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CONTAINING FULL DEFINITIONS OF THE PRINCIPAL TERMS OF THE COMMON
Author of a Treatise on Voluntary Assignments, a Treatise on Circumstantial Evidence, and a Treatise od Practice, &c.
Vocum origines rationesque Labeo) percalluerat ; eaque præcipue scientia ad enodandos plerosque juris laqueos utebatur.
A. GELLIUS, Noct. Att. xiii, 10.
66 NASSAU STREET.
Entered, according to Act of Congress, in the year 1850, by
ALEXANDER M. BIRRILL,
Entered, according to Act of Congress, in the year 1859, by
ALEXANDER M. BURRILL,
LA W DICTIONARY
(technically called a habeas corpus ad sub
jiciendum,) is the most celebrated. See H is sometimes used in some Law Latin infra. words in which it is more generally and HABEAS CORPUS AD RESPON. properly omitted ; thus, Ostium is some- DENDUM. L. Lat. (You have the body, times written Hostium ; Coercio, Cohertio; to answer.) In English practice. A writ Abundanti, Habundanti ; and the like. which issues where one has a cause of acSo, on the other hand, it is sometimes tion against another, who is confined by the omitted where it should properly be used ; process of some inferior court, in order to thus, Hutesium occurs occasionally in the remove the prisoner, and charge him with form Utesium, Hypotheca as Ypotheca, this new action in the court above. 3 BI. Horreum as Orreum, Hordeum as Ordeum, Com. 129. 3 Steph. Com. 693. 1 Tid's and the like.
Pr. 349. HABE, (or HAVE.) Lat. A form of HABEAS CORPUS AD FACIENthe salutatory expression Ave, (hail) in the DUM ET RECIPIENDUM. L. Lat. . titles of the constitutions of the Theodosian (You have the body, to do and receive.) and Justinianean codes. Prateus. Calv. In practice. A writ which issues out of Lex. Spelman. See Have.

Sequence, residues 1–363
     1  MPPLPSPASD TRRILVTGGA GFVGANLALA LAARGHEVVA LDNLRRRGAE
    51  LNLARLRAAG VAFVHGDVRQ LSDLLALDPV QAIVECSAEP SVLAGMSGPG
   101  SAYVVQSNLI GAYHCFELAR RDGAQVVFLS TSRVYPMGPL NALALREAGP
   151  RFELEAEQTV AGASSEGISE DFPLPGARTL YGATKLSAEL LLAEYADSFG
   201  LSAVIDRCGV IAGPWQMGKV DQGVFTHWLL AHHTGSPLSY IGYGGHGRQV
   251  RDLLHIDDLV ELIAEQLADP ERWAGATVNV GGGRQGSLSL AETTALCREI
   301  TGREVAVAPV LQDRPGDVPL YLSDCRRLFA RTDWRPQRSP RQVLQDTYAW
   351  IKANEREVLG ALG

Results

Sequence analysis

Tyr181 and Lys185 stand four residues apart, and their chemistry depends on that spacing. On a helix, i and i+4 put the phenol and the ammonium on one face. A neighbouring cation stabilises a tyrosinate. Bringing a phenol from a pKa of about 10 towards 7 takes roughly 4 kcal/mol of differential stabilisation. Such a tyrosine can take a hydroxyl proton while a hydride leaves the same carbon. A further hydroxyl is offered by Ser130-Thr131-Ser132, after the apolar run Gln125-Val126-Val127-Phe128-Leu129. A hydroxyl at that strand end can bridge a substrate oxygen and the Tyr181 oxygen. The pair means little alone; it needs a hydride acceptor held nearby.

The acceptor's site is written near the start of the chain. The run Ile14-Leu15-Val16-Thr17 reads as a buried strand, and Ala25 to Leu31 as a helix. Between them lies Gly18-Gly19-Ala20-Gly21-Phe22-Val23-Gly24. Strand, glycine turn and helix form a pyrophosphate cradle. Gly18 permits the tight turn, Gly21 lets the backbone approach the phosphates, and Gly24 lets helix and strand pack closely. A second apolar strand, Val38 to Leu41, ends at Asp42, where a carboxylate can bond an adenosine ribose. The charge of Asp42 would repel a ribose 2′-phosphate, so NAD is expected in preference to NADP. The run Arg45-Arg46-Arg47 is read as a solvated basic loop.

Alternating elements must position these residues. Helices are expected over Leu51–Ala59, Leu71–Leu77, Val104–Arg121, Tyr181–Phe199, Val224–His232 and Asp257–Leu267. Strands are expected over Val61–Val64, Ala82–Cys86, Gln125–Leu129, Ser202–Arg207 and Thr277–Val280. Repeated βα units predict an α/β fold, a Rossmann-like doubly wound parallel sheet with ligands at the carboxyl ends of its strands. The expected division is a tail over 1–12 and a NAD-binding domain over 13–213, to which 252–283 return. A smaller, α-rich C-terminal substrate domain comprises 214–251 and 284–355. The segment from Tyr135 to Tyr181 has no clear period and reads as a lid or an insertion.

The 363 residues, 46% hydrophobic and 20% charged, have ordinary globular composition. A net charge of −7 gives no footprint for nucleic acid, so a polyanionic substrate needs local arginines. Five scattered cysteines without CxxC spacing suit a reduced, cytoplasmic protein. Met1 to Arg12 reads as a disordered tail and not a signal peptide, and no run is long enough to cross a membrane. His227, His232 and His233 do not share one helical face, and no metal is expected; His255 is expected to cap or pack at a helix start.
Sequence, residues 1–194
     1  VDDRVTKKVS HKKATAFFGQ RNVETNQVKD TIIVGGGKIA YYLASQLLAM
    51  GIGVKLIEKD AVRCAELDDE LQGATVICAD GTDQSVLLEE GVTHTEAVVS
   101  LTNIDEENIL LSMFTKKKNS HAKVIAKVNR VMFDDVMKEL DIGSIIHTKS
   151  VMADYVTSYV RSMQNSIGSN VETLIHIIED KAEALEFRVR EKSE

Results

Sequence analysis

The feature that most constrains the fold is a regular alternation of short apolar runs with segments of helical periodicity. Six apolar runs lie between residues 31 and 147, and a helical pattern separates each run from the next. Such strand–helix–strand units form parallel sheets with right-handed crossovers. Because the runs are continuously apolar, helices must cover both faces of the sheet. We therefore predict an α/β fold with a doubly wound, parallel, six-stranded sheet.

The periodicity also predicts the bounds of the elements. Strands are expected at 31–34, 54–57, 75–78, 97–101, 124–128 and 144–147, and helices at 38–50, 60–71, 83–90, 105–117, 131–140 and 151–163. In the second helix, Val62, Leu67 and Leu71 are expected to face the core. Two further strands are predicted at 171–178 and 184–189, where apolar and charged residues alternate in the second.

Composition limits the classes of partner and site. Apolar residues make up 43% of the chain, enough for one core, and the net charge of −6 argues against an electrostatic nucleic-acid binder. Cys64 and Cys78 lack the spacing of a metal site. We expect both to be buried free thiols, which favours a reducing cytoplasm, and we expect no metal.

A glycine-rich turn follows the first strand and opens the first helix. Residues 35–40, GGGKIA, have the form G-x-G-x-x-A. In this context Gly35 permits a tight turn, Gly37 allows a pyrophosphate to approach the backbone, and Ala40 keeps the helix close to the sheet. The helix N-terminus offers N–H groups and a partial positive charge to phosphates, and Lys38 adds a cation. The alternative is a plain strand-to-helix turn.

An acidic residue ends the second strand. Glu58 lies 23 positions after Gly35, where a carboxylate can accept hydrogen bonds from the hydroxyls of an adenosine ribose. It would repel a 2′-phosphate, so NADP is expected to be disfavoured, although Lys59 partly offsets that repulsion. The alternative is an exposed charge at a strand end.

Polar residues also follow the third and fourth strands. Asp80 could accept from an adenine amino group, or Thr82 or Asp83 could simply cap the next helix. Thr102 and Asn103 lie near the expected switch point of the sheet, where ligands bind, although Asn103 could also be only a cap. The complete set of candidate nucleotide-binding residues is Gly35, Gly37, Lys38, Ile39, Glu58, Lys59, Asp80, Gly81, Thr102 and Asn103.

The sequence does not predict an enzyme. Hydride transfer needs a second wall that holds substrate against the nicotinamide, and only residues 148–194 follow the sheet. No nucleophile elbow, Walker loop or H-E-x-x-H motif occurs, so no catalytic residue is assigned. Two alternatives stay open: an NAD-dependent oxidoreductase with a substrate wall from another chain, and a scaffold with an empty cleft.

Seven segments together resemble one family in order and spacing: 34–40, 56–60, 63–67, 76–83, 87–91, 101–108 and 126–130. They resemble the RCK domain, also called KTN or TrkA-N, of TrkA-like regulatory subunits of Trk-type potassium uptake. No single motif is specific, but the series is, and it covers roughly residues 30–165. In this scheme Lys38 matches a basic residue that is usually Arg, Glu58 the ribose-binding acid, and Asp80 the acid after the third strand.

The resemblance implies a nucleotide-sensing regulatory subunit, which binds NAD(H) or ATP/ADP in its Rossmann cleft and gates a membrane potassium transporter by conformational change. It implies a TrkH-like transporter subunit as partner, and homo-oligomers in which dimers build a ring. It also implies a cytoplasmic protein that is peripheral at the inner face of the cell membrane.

of the courts of Westminster Hall in HABEAS CORPUS. L. Lat. (You England, when a person is sued in some have the body.) The name given to a inferior jurisdiction, and is desirous to revariety of writs, (of which these were an- move the action into the superior court; ciently the emphatic words,) having for commanding the inferior judges to produce their object
to bring a party before a court the body of the defendant, together with the or judge. The common capias is, in this day and cause of his caption and detainer; general sense, a habeas corpus, the writ in (whence the writ is frequently denominated the original Latin commanding the sheriff a habeas corpus cum causa,) to do and reto take the defendant, “so that you have ceive whatsoever the king's (or queen's] his body," &c., (ita quod habeas corpus court shall consider in that behalf. 3 Bi. ejus, &c. ;) and, according to Mr. Reeves, Com. 130. 3 Steph. Com. 694, and notes it was originally so called. 2 Reeves' Hist. ibid. 1 Tidd's Pr. 404. A similar writ Eng. Law, 439. The term, however, is has been sometimes used in American now exclusively used to designate a few practice. See United States Digest, Haspecial writs, employed in English and beas corpus. American practice, among which the writ HABEAS CORPUS AD PROSEto inquire into the cause of a person's im- QUENDUM. L. Lat. (You have the prisonment or detention by another, with body, to prosecute.) In English practice. the view to obtain his or her liberation, A writ which issues when it is necessary to VOL. II.